# python: can I extend the upper bound of the range() method?

What is the upper bound of the range() function and how can I extend it, or alternately what's the best way to do this:

``````for i in range(1,600851475143):
``````
-

`range(1, 600851475143)` wants to generate a very large list in memory, and you'll get an out of memory error. To save memory, use `xrange` instead of `range`. Unfortunately, `xrange` doesn't work with large numbers (it's an implementation restriction) Example (raises OverflowError):

``````for i in xrange(1, 600851475143):
print i
``````

You can have large minimum or maximum values in your interval with `range`, if their difference is small. Example:

``````x = 1 << 200
print list(xrange(x, x + 3))
``````

Output:

``````[1606938044258990275541962092341162602522202993782792835301376L, 1606938044258990275541962092341162602522202993782792835301377L, 1606938044258990275541962092341162602522202993782792835301378L]
``````

A fancy solution to your original for loop problem:

``````def bigrange(a, b = None):
if b is None:
b = a
a = 0
while a < b:
yield a
a += 1

for i in bigrange(1, 600851475143):
print i
``````

A less fancy solution, which works even if you have `continue` in the loop body:

``````i = 1 - 1
while i < 600851475143 - 1:
i += 1
print i
``````
-
Do you know why you would use range() instead of xrange()? xrange() is faster and more memory-efficient. –  jcoon May 8 '09 at 20:21
@coonj: this articles says that in some benchmarks range() was actually 1% faster. Also, xrange() has been removed in Python 3, I think. –  Bastien Léonard May 8 '09 at 20:27
@coonj Sometimes you actually want a list of numbers rather than an iterator over those numbers. For example, deck = range(52); random.shuffle(deck); hand = deck[:5] On the other hand, using range when all you really want is an iterator over the numbers 1..n is really wasteful and that is where xrange comes in. –  Aaron Maenpaa May 8 '09 at 20:28
@Bastien Actually range has been removed and xrange renamed range. If you really want a list you can just write deck = list(range(52)), but it encourages you to use the iterator unless you actually need the list. –  Aaron Maenpaa May 8 '09 at 20:31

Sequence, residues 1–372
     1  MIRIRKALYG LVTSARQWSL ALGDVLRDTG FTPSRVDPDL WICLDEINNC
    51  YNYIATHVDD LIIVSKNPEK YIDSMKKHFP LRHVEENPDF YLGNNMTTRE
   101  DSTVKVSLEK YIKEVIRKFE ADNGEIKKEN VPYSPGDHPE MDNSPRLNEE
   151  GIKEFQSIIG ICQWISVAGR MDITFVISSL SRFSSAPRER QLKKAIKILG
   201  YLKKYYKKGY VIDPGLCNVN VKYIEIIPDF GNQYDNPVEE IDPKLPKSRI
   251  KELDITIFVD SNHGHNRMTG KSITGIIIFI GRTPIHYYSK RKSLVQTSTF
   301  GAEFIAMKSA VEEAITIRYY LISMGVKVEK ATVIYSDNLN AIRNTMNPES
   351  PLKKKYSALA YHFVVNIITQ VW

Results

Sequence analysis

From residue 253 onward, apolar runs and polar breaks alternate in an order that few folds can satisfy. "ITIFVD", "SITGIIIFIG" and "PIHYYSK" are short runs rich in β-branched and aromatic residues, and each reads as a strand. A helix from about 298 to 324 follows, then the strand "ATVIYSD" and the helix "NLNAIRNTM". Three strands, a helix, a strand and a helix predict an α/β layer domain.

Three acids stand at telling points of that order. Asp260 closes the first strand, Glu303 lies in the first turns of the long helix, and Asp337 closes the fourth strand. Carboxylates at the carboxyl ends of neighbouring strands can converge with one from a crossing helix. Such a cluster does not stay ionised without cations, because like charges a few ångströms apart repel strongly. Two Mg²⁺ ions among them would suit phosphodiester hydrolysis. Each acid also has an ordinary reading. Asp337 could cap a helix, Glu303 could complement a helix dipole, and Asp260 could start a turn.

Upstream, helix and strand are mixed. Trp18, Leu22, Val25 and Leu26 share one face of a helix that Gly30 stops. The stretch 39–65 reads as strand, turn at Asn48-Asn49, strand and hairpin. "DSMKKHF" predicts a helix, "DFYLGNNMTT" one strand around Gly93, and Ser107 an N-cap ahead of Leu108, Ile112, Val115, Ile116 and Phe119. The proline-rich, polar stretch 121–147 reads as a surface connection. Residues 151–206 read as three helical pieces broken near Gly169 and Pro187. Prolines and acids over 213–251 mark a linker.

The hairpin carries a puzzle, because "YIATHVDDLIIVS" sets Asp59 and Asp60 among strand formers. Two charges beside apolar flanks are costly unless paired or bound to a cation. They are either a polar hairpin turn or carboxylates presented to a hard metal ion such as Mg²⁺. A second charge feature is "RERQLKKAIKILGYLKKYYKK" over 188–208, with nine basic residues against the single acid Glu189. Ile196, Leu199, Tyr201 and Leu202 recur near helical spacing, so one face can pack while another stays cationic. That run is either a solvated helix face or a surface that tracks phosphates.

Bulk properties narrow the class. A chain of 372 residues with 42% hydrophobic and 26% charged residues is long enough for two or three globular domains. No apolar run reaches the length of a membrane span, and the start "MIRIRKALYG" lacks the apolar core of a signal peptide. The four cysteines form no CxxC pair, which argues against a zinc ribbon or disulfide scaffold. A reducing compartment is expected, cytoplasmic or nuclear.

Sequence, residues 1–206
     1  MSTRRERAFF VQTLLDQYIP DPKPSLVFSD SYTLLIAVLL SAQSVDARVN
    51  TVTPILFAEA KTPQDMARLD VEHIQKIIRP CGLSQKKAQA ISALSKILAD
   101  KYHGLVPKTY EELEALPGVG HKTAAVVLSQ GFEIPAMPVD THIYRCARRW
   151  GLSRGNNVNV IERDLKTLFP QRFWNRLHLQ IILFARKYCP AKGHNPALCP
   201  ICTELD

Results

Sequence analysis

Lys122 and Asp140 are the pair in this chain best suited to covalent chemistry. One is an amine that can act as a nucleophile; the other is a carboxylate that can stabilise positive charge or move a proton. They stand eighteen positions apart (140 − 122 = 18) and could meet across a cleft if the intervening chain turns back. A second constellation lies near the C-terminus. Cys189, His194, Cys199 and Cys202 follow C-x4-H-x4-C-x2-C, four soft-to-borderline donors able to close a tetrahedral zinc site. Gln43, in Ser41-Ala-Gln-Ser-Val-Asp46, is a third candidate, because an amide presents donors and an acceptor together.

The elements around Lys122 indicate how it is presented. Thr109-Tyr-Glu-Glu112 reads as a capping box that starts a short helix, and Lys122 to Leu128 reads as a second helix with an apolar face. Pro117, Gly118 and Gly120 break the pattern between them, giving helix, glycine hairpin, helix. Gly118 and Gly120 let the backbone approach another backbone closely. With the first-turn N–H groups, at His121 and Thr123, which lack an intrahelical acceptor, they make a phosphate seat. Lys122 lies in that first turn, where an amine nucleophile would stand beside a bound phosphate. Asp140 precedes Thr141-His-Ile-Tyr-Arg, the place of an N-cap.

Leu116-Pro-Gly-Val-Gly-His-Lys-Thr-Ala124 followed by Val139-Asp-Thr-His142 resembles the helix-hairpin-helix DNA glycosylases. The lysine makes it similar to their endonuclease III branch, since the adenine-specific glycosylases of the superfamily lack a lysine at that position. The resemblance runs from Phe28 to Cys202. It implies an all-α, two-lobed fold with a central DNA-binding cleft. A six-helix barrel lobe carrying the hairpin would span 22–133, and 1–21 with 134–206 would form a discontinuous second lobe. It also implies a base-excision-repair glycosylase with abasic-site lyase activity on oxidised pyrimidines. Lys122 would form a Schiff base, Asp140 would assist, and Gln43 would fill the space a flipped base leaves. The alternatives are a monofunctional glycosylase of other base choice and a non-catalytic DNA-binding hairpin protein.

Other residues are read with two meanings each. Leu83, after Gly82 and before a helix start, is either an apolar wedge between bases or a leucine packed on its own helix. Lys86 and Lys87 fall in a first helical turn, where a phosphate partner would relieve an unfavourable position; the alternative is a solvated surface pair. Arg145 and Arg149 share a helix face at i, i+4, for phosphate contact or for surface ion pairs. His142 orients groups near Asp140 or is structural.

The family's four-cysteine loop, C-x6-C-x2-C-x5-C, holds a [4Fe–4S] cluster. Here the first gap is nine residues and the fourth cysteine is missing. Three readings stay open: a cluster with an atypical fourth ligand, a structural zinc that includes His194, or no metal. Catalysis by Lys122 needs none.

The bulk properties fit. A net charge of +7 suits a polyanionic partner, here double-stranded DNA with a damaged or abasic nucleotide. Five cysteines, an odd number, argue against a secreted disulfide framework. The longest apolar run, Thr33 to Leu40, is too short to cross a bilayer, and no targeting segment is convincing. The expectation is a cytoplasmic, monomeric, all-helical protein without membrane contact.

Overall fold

running the above example, I get an overflow error on Python 2.6.1 –  Josh Arenberg May 8 '09 at 20:35

pts' answer led me to this in the xrange python docs:

Note

xrange() is intended to be simple and fast. Implementations may impose restrictions to achieve this. The C implementation of Python restricts all arguments to native C longs (“short” Python integers), and also requires that the number of elements fit in a native C long. If a larger range is needed, an alternate version can be crafted using the itertools module: `islice(count(start, step), (stop-start+step-1)//step)`

looks like it's a limitation of c python in particular.

-

Have you considered just doing this? Or is there some reason you specifically need `range()`?

``````x = 1
while x < 600851475143:
// some code
x += 1
``````
-

It depends on which version of Python you're using. I'm using 2.5.2 and xrange raises an OverflowError exception for large numbers. One solution is to write your own generator.

``````def g(start, stop):
i = start
while i < stop:
yield i
i += 1

x = 1<<200
for i in g(x, x+3):
print i
``````
-

Here's an answer using `itertools`. It's a little contrived, but it works:

``````from itertools import repeat, count, izip
for i,_ in izip(count(1), repeat(1, 600851475143)):
...
``````

Another answer would be to write your own generator:

``````def my_xrange(a, b):
while a < b:
yield a
a += 1

for i in my_xrange(1, 600851475143):
...
``````
-